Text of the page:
Political tensions don’t deter international tennis players


Currently having four international students in the 10-member team, DePaul men’s tennis obtains both cultural variety and athletic honors. Nathan de Veer, a student-athlete from Netherlands, has been named Big East Men’s Tennis “Athlete of the Week” twice, in January and February.

Considering the political climate, there’s a question of will enrolling international students to sports teams become more difficult in the future.

The political climate is subtly changing, due to the reshuffle of the president and administration. Executive orders that restrict immigration from Muslim countries might be just the beginning. Supporting the limits on legal immigration and opposing the guest-visa program during his election, President Trump seemingly has the purpose of tightening immigration policy and increasing the difficulty for foreigners who plan to work and stay in this country.

The current and potential policy changes, however, haven’t affected many of the international student-athletes on DePaul men’s tennis. The career plans of international student-athletes and the team’s recruitment of international students remain the same as before.

The potential political changes are unlikely to stop international applicants from applying for the combination of getting education and playing their sports in the United States, according to Matt Brothers, the head coach of DePaul men’s tennis team. The athletic and academic scholarships, as well as the opportunities of playing sports professionally in colleges, are still attractive for international students and temper their concerns about the Trump Administration.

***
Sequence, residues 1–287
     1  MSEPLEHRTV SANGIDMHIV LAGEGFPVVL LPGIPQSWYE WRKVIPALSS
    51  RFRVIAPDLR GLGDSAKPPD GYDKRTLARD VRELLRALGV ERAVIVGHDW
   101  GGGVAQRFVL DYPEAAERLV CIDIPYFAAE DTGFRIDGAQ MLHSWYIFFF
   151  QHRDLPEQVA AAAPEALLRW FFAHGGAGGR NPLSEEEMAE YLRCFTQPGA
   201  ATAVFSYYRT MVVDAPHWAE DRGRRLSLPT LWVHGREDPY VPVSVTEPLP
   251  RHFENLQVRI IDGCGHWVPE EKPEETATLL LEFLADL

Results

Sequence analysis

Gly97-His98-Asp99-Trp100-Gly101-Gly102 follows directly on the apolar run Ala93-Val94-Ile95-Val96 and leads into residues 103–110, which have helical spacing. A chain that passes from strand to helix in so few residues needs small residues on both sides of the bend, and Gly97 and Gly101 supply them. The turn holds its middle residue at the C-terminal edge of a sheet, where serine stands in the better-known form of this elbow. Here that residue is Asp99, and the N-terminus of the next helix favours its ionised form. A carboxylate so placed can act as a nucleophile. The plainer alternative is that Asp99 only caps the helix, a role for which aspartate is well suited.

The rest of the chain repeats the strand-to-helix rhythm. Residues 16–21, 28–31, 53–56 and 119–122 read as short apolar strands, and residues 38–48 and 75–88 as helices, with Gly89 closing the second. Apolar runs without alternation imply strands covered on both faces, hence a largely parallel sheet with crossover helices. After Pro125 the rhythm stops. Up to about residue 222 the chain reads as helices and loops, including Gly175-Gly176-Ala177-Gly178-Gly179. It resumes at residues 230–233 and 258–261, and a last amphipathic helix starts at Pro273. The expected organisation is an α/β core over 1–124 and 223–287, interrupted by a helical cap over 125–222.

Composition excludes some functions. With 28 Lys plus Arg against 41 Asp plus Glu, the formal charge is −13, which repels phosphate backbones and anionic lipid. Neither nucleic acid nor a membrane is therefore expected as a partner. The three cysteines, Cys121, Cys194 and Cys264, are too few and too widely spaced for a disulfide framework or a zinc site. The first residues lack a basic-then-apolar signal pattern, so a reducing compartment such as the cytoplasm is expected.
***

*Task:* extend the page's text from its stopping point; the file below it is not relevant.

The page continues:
“I personally doubt that it’s going to be enough to deter some students who want to come here and get a great education,” Brothers said. “We are ready enough to get the student visa and take care (of) those things. I haven’t heard any concerns from international recruits about (international applicants’) desires to come here.”

The recruitment of international student-athletes will not be ceased. They are needed in campus sports programs, bringing diversity to the teams. In the U.S., tennis might not be considered one of the top five most popular sports, like basketball or football, but it is a globally popular sport, according to Brothers.

“It’s obviously something that the university supports,” Brothers said. “A lot of schools recruit internationally because we want to be competitive.”

De Veer has been on men’s tennis team for almost four years. Besides being honored as Men’s Tennis “Athlete of the Week,” he has also received the honor from the Big East for “Player of the Week” in his junior year. The recognitions enhance his confidence of becoming a professional tennis player or a tennis coach.

De Veer expects to graduate in this June, with a bachelor’s degree in marketing. Though de Veer has decided to pursue his tennis career in his home country, he believes that neither language nor policies would become barriers if he wanted to continue playing tennis in the U.S. after the graduation. De Veer has never felt excluded from this country, as time goes by and as the administration changes, because the country itself embraces multicultural elements.

“I love the country. I love Chicago,” de Veer said. “There is a wide variety of people from all kinds of the cultures, cities and places, so it’s very nice to live in such a multicultural place.”

DePaul freshman Tamas Zador, a student-athlete from Hungary, feels welcome here as well. It’s too early for Zador to come up with a mature career plan, but Zador doesn’t have much concern about his future in the United States, considering the potential political changes on immigrants or foreigners from President Trump.

Zador believes nationalities would exclude some people from potential restrictions. “I don’t think it’s against Europe and European people,” Zador said.

For Zador, those policies that are created by certain administrations under certain circumstances may not become permanent. “I don’t think it’s going to be a lot harder (to stay in this country after graduation), if I can find a job here,” Zador said.